Unilever, a force in consumer goods industry, once again proved its strong level of reputation: their beauty and personal care unit continued to grow over the past half-year. And now, their quest to eradicate fake online influencers is getting a lot of thumbs-ups from brands all over the world.
Beauty and Personal Care Unit: Volume Growth
Over the past six months, Unilever’s beauty and personal care unit continued to grow. The demand for products increased and the sales are outstanding.
Skin care department performed well. This is highly driven by Vaseline’s successful marketing tactics, together with Ponds and Lakme’s latest natural product releases in India. In hair care, Dove and Sunsilk drove massive growth for the company, which is caused by the use of natural but on-trend ingredients for hair products. For deodorants, Rexona antibacterial stain protection also drove sales for the company. The growth over the past half-year are undeniably exceptional, and that is driven by the use of natural and organic components.
“The brand’s mission to make natural products accessible aligns closely with Unilever’s values.”
There’s no question why this happened: With the increase in demand for beauty and personal care products, the organization poured their hearts out on market development to meet the demands of consumers. Aside from that, they also expanded their portfolio by leveraging units for attractive segments and channels. Just recently, the multinational company announced its acquisition on a 75% stake with Italian personal care business Equilibra. This is then followed by a series of acquisitions for beauty and personal care.
Unilever seeks to continue diversifying more units. Expansion is also on its way for products to never run out of stocks.
Combating Fake Influencers: Followers, Likes and Bots
Social media is a place of never-ending possibilities. But it’s also undeniable that there are those who are taking advantage of it in the wrong way. Fake likes, fake followers driven by bots are prevalent—it seems like authenticity is hard to find nowadays. With giant brands advertising through social media platforms like Instagram, an industry of influencers sprung up, in which famous people in the internet earn money by posting products from brands. But the number of their followers can be tweaked by purchasing fake followers. Yes, the practice of buying followers is damaging one of the fastest-growing areas of advertising. Most influencers today are misleading the brands they work with. They’re buying fake followers and likes to give an impression of popularity and engagement—this has to stop. This is not only hurting the relationship between brands and “honest” influencers, this is also hurting the industry itself. Unilever, with its own resources, plans to combat this problem.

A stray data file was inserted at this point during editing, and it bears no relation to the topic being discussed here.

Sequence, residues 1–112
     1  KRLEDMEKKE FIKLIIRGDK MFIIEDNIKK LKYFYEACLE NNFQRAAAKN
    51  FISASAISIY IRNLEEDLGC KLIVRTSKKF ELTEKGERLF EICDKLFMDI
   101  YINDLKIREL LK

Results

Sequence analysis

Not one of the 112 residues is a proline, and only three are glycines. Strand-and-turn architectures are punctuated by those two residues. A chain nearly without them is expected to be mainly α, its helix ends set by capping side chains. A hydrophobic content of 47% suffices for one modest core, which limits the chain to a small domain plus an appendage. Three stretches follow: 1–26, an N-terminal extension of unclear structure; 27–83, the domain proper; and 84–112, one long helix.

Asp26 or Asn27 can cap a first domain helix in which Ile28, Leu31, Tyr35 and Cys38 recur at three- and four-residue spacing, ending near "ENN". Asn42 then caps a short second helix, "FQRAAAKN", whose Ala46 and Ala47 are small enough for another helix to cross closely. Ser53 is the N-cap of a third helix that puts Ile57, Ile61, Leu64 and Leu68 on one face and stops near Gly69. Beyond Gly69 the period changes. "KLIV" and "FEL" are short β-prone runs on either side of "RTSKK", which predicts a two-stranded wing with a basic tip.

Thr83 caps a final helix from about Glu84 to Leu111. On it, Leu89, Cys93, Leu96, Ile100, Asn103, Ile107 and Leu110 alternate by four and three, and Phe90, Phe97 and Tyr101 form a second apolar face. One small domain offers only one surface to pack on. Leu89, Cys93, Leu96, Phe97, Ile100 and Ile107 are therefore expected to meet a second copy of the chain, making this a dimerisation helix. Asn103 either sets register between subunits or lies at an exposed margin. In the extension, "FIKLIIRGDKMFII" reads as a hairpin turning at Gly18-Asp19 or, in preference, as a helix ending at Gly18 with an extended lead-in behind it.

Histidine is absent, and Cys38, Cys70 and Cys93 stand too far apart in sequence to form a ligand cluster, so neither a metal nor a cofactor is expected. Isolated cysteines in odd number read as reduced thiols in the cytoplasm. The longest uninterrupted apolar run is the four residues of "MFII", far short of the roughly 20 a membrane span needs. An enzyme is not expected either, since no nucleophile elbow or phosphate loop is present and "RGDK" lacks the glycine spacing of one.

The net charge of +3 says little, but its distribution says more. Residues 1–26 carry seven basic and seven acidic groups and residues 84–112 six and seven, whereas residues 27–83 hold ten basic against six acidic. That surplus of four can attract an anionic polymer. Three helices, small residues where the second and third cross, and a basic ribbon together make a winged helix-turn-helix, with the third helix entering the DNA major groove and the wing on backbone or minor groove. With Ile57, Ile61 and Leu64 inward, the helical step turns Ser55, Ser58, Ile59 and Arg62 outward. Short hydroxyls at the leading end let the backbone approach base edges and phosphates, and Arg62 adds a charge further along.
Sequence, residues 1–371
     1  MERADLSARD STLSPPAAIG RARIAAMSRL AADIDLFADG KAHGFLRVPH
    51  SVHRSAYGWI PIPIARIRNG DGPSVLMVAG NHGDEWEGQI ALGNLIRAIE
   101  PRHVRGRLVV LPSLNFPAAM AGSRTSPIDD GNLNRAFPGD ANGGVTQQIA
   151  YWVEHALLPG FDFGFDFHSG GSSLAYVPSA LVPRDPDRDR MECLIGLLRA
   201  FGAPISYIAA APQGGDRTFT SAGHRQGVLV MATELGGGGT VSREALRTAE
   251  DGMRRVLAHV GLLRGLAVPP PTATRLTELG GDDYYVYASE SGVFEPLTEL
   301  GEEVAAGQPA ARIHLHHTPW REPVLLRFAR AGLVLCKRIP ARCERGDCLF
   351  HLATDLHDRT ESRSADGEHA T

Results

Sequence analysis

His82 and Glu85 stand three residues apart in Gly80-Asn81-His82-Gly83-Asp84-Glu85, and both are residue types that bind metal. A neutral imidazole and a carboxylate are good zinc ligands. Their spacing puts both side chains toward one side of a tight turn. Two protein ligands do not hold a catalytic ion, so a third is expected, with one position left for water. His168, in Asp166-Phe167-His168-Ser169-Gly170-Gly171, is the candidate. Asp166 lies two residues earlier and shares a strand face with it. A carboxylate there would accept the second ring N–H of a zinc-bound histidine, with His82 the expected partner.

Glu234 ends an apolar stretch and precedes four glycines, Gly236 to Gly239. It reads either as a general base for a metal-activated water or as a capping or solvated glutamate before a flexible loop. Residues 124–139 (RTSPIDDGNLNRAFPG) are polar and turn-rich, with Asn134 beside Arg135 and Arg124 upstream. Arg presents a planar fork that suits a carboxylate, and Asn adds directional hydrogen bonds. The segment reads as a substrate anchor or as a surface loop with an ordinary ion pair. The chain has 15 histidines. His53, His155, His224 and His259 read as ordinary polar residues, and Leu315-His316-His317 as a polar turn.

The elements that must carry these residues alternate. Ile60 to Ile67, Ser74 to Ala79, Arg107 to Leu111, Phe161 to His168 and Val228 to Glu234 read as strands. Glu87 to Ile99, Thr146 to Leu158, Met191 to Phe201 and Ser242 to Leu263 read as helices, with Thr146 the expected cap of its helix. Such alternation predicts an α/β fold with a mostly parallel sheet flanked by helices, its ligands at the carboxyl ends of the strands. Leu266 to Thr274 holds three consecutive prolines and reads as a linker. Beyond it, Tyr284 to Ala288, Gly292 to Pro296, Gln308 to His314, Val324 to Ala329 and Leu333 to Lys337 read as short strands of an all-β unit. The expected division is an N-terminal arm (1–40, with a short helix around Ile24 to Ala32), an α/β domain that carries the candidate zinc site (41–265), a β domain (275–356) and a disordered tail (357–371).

“There are lots of great influencers out there, but there are a few bad apples spoiling the barrel and the trouble is, everyone goes down once the trust is undermined.”
Unilever’s CMO Keith Weed stated that they will not work with fake influencers. The organization is planning on stamping out fraud and increasing transparency. Furthermore, they might also pull out their investment on digital platforms. This is specific to who are not taking steps in removing “toxic” online content.
- Consistency will get you the fruit of hardwork: in Unilever’s case, they were able to get more than what they expected in just a span of six months because of it.
- Listen to your consumers as much as you can. In short: Meet their wants and needs.
- Brands should be careful in choosing their influencers. Only work with real and verified ones.